FRANKFURT • The price is US$29 (S$40) and 1,800 people have made bookings.
The ticket - to hear well-known author Dan Brown talk - illustrates how Frankfurt is turning the page to ensure the world's oldest book fair stays relevant to the Instagram generation.
Margaret Atwood and Nicholas Sparks are also among the big names descending on Frankfurt, which is hoping to wow the crowds with live events by star authors.
And with France as this year's guest country, it is not just writers who are getting top billing. French President Emmanuel Macron will formally open the fair with German Chancellor Angela Merkel today.
After last year's edition focused on ways for publishers to tap new technologies such as virtual reality and 3D printing, organisers are going back to basics this year, putting the spotlight back on writers and their readers.
"There's a desire to see authors, to experience them in real life," the fair's spokesman Katja Boehne said of the five-day event, expected to attract more than 270,000 visitors.
"The book is more alive than ever," she added, describing a growing trend of fans queuing to see their favourite author in a "pop concert-like" atmosphere.
Legendary Canadian novelist Atwood, whose 1985 dystopian novel The Handmaid's Tale is now a successful American television show, will be among the top draws in Frankfurt, where she will be presented with the German book trade's "peace prize" for her prescient body of work.
Fairgoers are also expected to jostle for a glimpse of American romance novelist Sparks, whose hits include The Notebook (1996) and Message In A Bottle (1998).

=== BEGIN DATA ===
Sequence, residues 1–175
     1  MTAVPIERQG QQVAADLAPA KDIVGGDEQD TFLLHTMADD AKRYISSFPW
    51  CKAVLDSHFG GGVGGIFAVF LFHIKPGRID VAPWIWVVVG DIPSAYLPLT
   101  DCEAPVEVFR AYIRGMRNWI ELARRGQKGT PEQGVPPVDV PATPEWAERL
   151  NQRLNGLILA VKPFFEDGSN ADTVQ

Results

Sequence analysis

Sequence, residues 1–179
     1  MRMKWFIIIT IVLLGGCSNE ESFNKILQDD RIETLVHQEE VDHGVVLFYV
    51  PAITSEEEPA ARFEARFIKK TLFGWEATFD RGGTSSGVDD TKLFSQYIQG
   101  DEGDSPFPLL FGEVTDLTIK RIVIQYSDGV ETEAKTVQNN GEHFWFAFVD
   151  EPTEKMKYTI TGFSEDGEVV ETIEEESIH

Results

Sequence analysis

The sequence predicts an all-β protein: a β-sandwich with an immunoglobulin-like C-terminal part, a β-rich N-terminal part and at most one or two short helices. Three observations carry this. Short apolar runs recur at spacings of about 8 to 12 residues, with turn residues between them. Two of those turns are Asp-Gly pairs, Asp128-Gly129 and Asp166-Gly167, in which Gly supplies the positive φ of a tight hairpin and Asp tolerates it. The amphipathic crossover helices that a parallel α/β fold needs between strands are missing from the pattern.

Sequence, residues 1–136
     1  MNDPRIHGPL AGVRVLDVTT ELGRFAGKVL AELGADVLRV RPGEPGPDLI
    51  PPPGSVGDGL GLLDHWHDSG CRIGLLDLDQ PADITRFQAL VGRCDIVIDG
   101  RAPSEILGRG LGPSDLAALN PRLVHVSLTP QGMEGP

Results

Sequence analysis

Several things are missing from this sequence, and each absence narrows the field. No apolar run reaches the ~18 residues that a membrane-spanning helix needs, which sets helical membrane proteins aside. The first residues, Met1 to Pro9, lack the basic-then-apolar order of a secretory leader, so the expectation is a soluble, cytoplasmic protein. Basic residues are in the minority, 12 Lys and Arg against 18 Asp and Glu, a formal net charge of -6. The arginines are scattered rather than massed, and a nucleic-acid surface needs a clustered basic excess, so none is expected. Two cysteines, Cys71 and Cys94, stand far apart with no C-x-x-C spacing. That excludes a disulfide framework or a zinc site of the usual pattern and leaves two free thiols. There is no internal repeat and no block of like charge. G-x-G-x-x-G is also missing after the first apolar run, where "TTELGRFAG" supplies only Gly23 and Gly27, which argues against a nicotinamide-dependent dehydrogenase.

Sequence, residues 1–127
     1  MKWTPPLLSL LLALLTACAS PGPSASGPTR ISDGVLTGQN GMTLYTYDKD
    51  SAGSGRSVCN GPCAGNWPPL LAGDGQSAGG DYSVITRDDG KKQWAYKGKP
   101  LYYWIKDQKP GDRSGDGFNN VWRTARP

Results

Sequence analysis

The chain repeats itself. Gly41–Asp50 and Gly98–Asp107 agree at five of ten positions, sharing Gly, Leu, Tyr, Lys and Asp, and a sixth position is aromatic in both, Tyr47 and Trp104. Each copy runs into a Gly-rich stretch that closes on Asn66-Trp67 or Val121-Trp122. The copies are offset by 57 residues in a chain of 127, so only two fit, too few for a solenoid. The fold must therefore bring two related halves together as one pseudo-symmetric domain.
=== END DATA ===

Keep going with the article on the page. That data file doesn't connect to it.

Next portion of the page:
Welsh thriller writer Ken Follett, Irish novelist Cecelia Ahern and British author Paula Hawkins (The Girl On The Train, 2015) will likewise draw readers hoping for an autograph or a selfie.
But the undisputed highlight comes on Saturday when Brown presents his new thriller, Origin, the latest instalment in the bestselling The Da Vinci Code series. In what has been billed as a live event, he will lift the veil on Professor Robert Langdon's latest quest to unravel the mysteries of the universe.
"An event like this that attracts nearly 2,000 people, we couldn't have done that in the past," said the fair's director Juergen Boos.
He plans to "massively expand" on the concept in coming years. "Our industry has to think about image as well. We have to make our business more glamorous," he said.
France will send more than 180 writers to Germany, including some of the world's best-known French-language authors. The line-up includes serial provocateur Michel Houellebecq, new-enfant-terrible-on-the-block Edouard Louis, acclaimed Congolese novelist Alain Mabanckou and Moroccan-born Leila Slimani, who scared parents everywhere with her award-winning tale of a killer nanny.
The fair will also be politically charged in other ways, with organisers planning to highlight concerns about freedom of expression in Turkey, where several German nationals have been detained in what Germany described as politically motivated cases that have strained bilateral ties.
The former editor-in-chief of Turkish opposition newspaper Cumhuriyet, Mr Can Dundar, who faces imprisonment in Turkey, will speak about writing in exile, while supporters of Germany's jailed Die Welt correspondent Deniz Yucel will stage events calling for his release under the banner #Freedeniz.
The Frankfurt book fair is the world's largest publishing event, bringing together more than 7,000 exhibitors from more than 100 countries.